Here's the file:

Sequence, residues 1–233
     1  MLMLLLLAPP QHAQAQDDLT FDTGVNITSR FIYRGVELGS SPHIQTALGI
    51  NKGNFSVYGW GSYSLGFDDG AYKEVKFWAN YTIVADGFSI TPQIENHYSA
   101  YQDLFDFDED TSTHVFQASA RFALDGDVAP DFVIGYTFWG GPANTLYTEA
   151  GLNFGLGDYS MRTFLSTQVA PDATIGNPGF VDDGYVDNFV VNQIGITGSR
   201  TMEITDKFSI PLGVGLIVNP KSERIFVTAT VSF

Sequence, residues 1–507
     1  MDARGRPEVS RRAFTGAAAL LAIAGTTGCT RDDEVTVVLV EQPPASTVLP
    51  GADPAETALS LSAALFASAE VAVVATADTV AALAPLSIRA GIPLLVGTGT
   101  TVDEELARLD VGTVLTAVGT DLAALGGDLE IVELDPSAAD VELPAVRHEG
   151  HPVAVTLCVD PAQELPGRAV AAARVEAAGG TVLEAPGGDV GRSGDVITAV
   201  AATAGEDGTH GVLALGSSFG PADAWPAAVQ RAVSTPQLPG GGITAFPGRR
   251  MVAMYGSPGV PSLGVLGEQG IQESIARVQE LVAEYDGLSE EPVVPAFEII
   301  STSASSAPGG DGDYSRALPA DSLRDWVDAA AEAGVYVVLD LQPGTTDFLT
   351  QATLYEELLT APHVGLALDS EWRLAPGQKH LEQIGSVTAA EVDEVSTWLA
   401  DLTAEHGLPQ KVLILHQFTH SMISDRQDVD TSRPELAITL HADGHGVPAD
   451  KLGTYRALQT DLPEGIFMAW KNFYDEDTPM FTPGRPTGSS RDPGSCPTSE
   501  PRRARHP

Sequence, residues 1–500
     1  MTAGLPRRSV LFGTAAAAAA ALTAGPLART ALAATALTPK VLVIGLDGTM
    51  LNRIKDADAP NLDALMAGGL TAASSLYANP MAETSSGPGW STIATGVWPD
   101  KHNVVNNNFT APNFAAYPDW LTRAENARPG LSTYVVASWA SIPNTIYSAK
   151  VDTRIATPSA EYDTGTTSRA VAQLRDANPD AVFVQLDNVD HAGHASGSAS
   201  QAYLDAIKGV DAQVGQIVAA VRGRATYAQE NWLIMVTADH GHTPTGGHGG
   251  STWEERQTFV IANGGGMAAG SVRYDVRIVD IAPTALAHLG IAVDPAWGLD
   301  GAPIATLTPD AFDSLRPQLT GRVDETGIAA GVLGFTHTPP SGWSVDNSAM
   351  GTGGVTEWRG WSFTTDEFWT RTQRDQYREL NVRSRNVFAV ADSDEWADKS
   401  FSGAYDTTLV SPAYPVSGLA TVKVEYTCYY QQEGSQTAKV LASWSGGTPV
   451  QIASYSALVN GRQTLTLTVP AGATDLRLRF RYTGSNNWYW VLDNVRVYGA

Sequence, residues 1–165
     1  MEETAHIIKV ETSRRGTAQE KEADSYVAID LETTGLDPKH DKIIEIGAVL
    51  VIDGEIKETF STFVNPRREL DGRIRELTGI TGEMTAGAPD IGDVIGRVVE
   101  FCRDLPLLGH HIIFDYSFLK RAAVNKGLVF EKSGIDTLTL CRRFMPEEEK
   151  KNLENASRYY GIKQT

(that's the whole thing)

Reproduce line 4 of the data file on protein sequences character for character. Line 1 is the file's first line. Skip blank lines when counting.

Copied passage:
   101  YQDLFDFDED TSTHVFQASA RFALDGDVAP DFVIGYTFWG GPANTLYTEA